Think about it: When Scott Walker announced he wanted to repeal the Common Core standards, he was essentially turning our educational system over to those low information, conspiracy laden tea party voters who have a penchant for misspelling the simplest protest signs. That's Scott Walker:
Whoopsie-doodle... Governor Walker stepped in it.
jsonline: Walker's statement calling for dumping Common Core comes after he has worked with the state DPI for the past several years on education reform issues that all hinge on successful implementation of the standards.
But, but what?! Oh, so Gov. Walker was for it before he was against it? (Oh 2004 Kerry campaign.) Seriously, if anyone wanted to know why he wasn't saying much about Common Core before now, this is why - He actually worked with them and utilized them in a lot of what he did with respect to school accountability.
In his 2011-'13 budget veto message to the Assembly, Walker wrote that his budget supported greater accountability and performance in K-12 education by "investing $15 million in the development of a statewide student information system and requiring the Department of Public Instruction to implement new pupil assessment based on mastery of Common Core Standards by 2014-15."
Will Mary Burke or the media run with this? 

GOP tantrum over phony IRS Scandal seeks to help tax dodgers by using programs for seniors.

The supposed IRS scandal targeting both liberal and conservative groups seeking tax exempt status for essentially helping candidates advertise and reach voters, has allowed Republicans a way to encourage tax dodging and defunding the much hated IRS. That in turn starves government of its much needed revenue stream. 

It’s so easy to tear things down, isn't it? When it’s your own country…well, that’s saying a lot.

Wisconsin’s House Republicans want to do just that, by cutting the IRS budget by 3%. But that’s not the ugly and devious part: They want to help tax dodgers by taking those IRS fund programs for seniors. You can’t make this stuff up. Roll Call:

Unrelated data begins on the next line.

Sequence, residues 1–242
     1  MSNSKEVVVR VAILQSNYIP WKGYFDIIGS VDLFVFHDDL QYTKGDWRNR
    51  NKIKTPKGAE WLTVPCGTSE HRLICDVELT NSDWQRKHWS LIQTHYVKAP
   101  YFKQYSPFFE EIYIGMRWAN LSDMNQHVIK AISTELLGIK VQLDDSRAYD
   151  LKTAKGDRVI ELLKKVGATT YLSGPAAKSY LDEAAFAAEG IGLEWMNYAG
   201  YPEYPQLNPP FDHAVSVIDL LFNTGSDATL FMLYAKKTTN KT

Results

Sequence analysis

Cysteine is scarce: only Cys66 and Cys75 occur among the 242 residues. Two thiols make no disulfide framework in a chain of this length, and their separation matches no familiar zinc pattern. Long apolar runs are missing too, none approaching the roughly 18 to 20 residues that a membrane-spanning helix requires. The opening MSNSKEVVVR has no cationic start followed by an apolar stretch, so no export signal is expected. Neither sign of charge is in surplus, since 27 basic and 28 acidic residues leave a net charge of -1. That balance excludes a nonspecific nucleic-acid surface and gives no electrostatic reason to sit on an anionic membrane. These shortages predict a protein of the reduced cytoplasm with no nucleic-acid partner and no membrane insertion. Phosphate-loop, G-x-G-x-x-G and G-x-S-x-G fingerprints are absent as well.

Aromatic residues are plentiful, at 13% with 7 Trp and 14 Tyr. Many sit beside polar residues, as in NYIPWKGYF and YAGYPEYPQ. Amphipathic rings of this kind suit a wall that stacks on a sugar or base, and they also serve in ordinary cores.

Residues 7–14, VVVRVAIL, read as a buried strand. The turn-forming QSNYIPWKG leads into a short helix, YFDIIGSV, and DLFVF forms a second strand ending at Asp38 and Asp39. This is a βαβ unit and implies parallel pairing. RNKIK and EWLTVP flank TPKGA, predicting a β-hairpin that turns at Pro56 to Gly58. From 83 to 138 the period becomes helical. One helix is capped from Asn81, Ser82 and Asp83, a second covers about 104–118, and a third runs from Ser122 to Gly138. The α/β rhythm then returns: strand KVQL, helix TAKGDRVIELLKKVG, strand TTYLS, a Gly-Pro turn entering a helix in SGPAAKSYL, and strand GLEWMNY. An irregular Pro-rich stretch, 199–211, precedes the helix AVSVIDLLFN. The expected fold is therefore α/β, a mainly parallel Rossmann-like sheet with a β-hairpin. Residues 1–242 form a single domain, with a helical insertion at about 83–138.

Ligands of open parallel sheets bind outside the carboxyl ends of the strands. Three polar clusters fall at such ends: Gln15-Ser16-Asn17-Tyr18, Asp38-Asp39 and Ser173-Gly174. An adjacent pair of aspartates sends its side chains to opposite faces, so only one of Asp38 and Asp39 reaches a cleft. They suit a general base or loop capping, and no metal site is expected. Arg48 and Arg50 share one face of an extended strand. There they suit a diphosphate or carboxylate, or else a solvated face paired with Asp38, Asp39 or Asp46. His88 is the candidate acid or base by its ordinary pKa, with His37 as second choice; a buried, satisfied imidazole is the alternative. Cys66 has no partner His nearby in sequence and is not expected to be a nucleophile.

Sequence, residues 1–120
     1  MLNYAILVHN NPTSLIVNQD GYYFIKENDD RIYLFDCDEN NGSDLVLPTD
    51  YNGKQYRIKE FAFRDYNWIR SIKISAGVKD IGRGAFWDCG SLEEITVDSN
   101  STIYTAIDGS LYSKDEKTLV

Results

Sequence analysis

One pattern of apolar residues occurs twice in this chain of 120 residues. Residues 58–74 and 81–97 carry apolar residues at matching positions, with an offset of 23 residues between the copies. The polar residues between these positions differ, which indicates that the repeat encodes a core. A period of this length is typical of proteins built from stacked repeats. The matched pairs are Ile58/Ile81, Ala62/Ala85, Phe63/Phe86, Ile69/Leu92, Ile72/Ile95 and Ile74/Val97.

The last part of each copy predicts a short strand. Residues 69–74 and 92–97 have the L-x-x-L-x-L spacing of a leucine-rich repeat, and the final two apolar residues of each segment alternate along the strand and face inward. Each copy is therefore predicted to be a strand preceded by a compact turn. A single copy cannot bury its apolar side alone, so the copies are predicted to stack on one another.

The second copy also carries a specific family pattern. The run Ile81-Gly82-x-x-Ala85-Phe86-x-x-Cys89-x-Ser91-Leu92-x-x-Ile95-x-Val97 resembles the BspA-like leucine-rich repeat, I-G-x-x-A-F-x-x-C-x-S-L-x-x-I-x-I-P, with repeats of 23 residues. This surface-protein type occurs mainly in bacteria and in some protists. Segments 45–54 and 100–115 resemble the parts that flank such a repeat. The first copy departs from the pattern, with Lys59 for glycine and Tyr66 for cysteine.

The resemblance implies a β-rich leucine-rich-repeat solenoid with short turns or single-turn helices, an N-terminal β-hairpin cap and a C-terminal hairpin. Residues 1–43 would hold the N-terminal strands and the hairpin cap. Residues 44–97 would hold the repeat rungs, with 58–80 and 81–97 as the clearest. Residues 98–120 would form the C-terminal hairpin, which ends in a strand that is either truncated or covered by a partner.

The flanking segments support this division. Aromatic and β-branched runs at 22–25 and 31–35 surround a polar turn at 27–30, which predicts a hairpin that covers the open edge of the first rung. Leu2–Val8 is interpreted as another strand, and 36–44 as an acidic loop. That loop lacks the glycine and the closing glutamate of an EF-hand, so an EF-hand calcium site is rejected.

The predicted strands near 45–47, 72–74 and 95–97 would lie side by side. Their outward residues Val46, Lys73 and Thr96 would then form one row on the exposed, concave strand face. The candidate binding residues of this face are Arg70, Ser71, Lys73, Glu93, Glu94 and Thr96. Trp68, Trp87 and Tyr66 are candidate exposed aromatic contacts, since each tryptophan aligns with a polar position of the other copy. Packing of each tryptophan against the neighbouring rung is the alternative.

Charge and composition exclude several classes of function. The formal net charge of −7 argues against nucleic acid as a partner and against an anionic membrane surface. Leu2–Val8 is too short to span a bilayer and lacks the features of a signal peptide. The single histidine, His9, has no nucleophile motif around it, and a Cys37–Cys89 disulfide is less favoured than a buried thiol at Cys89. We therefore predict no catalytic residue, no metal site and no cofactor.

IRS Enforcement Cuts: The House voted to shift $10 million from Internal Revenue Service enforcement activities to programs that help seniors and other taxpayers. Overall, the bill cuts enforcement spending by 25 percent, from 2014 in response to the agency’s targeting of certain conservative groups seeking tax-exempt status. A yes vote was to reduce the IRS budget for catching tax cheats.
Voting yes, and pitting seniors against catching tax dodgers (I’m still trying to wrap my mind around this one): Paul Ryan, James Sensenbrenner, Tom Petri, Sean Duffy and Reid Ribble. Who comes up with this stuff?

Voting an obvious no, Mark Pocan, Ron Kind and Gwen Moore. Sadly, it's important votes like this that don't get any media attention. Party differences are dramatic. 

Not able to Lower Corporate Taxes, GOP tantrum seeks to expand off shore tax havens for Business.

At first I thought, “Why would Democrats vote against a tax deduction for corporations who donate food to charities?”

Here’s why: Rep.’s Paul Ryan, James Sensenbrenner, Tom Petri, Sean Duffy and Reid Ribble, angry they can’t reduce corporate tax rates, want corporations to reincorporate overseas to avoid paying taxes. You read that right. 

Nice strategy, don’t you think. Of course that only increases our deficit by reducing revenues even at current spending levels. Ever get the feeling the GOP wants to make things worse? Now you know they do. Roll Call:
Corporate Tax Avoidance: The House defeated a bid by Democrats to deny benefits under HR 4719 (Charitable Deductions, National Debt bill) to businesses that reincorporate overseas to avoid U.S. taxation, a process known as “inversion” that is becoming increasingly prevalent.
Voting to discourage corporate tax dodging through “inversion,” were Democrats Mark Pocan, Ron Kind and Gwen Moore.